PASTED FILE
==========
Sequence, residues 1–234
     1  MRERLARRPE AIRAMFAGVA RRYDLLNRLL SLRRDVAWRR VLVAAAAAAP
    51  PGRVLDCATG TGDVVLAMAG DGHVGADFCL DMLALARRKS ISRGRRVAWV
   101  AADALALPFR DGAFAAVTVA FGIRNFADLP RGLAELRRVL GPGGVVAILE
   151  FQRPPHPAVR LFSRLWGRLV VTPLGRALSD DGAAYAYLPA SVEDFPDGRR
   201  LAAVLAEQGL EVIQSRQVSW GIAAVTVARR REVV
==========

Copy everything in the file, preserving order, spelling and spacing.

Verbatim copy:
Sequence, residues 1–234
     1  MRERLARRPE AIRAMFAGVA RRYDLLNRLL SLRRDVAWRR VLVAAAAAAP
    51  PGRVLDCATG TGDVVLAMAG DGHVGADFCL DMLALARRKS ISRGRRVAWV
   101  AADALALPFR DGAFAAVTVA FGIRNFADLP RGLAELRRVL GPGGVVAILE
   151  FQRPPHPAVR LFSRLWGRLV VTPLGRALSD DGAAYAYLPA SVEDFPDGRR
   201  LAAVLAEQGL EVIQSRQVSW GIAAVTVARR REVV